When father is a father figurehead – Dele Sobowole
I Pity President Buhari - Dele Sobowale

By Dele Sobowale

“A leader is best/when people barely know he exists/not so good when they acclaim him/worst when they despise him…..”

Lao-tsy, 6th Century. VANGUARD BOOK OF QUOTATIONS, VBQ, p 124.

Every “Father” –whether of home, family or of a nation — has four cardinal tasks to perform – security, economic development, plan for a sustainable future and provision of social/ethical compass. Universally, leaders have been judged by how well they performed on these criteria. Buhari is not different. Incidentally, Buhari might have performed better on the economy if he had been elected in 2011. The Congress for Progressive Change, CPC, was already working on a BLUEPRINT FOR ECONOMIC GOVERNANCE which would have made it easier for him to articulate his economic policies and programmes. It is difficult to determine whether APC undermined Buhari or not after winning at last. Now, there is little chance he will leave a good legacy on the economy.Today, he is almost a figurehead.

As usual, I contemplated several titles – including BUHARI IN SLICES — before settling on this one. It was the Sultan of Sokoto, as Fulani, Northerner, leader and Muslim as you can get who decided for me in a message published.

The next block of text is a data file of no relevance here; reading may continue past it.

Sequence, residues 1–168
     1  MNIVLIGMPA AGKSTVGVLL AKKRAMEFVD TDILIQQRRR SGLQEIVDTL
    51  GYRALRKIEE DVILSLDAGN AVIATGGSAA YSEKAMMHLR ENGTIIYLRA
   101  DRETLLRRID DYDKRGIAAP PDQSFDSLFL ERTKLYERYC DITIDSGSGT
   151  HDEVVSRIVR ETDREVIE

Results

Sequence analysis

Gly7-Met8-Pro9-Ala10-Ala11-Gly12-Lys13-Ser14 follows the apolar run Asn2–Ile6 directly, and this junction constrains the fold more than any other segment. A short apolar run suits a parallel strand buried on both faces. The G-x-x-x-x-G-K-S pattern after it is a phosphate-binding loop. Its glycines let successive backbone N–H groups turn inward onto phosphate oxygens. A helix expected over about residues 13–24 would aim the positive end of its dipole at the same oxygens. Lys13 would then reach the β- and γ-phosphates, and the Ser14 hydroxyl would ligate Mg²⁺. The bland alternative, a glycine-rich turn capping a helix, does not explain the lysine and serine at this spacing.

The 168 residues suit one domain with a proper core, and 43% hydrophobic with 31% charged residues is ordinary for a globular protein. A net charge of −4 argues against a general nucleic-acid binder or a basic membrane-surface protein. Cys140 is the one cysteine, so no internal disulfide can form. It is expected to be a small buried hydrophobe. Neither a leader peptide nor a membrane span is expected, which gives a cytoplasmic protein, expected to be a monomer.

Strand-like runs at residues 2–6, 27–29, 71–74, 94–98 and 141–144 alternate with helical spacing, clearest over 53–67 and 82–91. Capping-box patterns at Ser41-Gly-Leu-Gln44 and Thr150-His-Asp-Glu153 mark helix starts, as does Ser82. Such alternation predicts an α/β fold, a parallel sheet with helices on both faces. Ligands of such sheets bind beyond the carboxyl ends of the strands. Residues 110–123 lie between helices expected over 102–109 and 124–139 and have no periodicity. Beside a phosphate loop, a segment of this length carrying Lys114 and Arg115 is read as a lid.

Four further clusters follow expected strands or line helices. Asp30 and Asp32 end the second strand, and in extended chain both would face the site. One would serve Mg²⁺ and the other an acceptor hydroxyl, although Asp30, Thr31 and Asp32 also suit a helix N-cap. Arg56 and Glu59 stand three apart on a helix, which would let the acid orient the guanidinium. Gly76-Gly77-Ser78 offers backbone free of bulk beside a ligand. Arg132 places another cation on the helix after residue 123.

“Sultan’s group blames govt for killings, others”. PUNCH, June 18, 2020, p 9.

The Sultan, President General of the Jamaatu Nasril Islam, had finally joined the growing list of Northern leaders singing our song and pointing to the impotence and incompetence of the Buhari administration in the face of a region which is increasingly ruled by bandits and other hoodlums. Here is what his Royal Highness has to say – hopefully to people in Aso Rock who have not only woken from their slumber, but, have put on their thinking caps as well. The Sultan joins Professor Ango Abdullahi, Dr Mohammed Junaid and the youths of Katsina now heckling the President – the Baba.

“These repeated calamitous scenarios would have been avoided had the government risen to the occasion. We nonetheless, as always, condemn the repeated brutal acts in their entirety; especially the lackadaisical attitude of relevant security agencies that seem to be overwhelmed, despite repeated calls by concerned and well-meaning Nigerians for a decisive action…

Government should not reduce itself to just issuing light press statements on security upheavals…Governments at all levels should do everything possible, as a matter of urgency, to stop these evil acts of terror being unleashed on innocent souls and restore peace..”